Recent governmental analysis has shown that about one-fourth of all federal financial aid is directed toward students who attend private, for-profit colleges, even though these students represent just 12 percent of the national college population.

Private student loans are non-federal student loans — student loans issued by banks and private lenders, rather than by the federal government.

Private student loans are credit-based loans carrying variable interest rates that can be as much as three to five times as high as the fixed interest rates on federal college loans. Additionally, private student loans don’t generally offer the flexible repayment options and borrower hardship protections offered by federal education loans.

The recent substantial drop in the amount of private student loans being issued can be partly attributed to greater publicity of the drawbacks of these loans in comparison to federal student loans.

Consumer advocates, student groups, and the U.S. Department of Education have campaigned heavily over the past three years for the benefits of low-cost federal college loans over private student loans, which the groups maintain are more expensive and higher risk for vulnerable student borrowers, many of whom are financially inexperienced and who may not be aware of exactly what kind of long-term debt burden they’re signing up for.

Private Student Loans Poised to Surge at For-Profit Colleges

The student loan default rate among students from for-profit colleges is exceptionally high because these students — a large proportion of whom are low-income, minorities, or returning students — tend to have a harder time translating their for-profit degree into gainful employment, and they’re carrying much more student loan debt than their post-graduation income will allow them to repay.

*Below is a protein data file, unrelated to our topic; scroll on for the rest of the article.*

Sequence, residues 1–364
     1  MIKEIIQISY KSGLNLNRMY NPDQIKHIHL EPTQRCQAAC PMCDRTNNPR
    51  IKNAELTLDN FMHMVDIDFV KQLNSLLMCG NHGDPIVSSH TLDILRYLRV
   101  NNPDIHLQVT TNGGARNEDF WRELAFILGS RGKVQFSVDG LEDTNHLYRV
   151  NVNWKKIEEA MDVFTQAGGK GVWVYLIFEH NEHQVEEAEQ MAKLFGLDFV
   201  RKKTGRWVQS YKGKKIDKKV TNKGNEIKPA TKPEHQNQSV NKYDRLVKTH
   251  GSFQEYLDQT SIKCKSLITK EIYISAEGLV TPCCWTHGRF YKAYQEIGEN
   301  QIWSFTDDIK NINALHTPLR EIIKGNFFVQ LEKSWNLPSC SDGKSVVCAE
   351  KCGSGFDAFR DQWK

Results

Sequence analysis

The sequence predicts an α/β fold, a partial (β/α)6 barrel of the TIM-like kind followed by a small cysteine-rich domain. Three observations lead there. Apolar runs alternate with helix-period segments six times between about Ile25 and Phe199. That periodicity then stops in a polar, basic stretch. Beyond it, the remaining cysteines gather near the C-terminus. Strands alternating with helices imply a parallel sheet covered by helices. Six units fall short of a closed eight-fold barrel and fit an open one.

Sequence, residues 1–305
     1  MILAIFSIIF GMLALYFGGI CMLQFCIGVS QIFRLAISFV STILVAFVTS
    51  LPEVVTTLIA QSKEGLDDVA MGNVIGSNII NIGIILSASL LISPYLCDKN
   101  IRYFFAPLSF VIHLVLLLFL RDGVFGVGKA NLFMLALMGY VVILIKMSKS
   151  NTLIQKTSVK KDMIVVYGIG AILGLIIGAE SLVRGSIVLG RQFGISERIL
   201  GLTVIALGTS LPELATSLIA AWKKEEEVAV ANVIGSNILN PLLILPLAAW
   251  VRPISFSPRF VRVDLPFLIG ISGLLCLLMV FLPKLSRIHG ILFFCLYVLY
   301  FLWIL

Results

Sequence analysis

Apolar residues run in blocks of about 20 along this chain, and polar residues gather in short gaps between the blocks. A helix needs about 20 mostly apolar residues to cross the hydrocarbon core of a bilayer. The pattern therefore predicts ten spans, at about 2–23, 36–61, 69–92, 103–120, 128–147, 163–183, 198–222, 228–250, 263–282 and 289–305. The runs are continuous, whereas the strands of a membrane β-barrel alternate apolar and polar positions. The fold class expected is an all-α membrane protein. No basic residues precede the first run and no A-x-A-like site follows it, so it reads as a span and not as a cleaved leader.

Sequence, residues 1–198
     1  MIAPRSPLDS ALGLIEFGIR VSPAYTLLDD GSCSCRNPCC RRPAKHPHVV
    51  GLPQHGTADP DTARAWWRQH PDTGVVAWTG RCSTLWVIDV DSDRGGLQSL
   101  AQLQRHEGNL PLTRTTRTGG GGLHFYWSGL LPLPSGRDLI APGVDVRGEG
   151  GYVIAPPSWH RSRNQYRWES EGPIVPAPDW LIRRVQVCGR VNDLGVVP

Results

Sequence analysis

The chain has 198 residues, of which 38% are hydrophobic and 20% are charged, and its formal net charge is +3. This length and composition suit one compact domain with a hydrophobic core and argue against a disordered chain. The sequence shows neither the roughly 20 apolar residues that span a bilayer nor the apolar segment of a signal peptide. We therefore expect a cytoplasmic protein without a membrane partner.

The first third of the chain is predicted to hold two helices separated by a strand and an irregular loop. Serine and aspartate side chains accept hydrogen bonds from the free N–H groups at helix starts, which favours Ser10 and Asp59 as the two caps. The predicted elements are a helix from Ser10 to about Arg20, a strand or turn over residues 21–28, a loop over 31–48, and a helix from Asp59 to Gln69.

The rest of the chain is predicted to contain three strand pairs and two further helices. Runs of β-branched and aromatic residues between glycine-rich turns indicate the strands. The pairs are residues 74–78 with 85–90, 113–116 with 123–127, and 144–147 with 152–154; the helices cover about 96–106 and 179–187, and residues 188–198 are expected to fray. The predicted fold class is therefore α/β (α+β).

New proposed federal financial aid regulations seek to rein in what critics of for-profit colleges see as runaway student debt levels by instituting a student loan default threshold that would render a for-profit institution ineligible to offer federal financial aid to its students if its students have a sustained high student loan default rate.

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A proposed federal “gainful employment” rule would also yank federal financial aid funds from for-profit schools whose students graduate with excessive debt-to-income levels and are unable, in general, to find work — “gainful employment” — that will allow them to earn enough to pay off their student loans.

But in the absence of federal financial aid, private student loans remain the financing of choice among students — particularly in the current economy, with home equity, credit card lines, investments, and college savings largely decimated — and some private lenders are readying to fill in the gaps left by the suspension of federal financial aid at ineligible institutions.

According to analysts, large private student loan lenders like Wells Fargo and Sallie Mae will reap the benefits of the proposed federal financial aid sanctions, which are set to go into effect in 2012.

By Haadi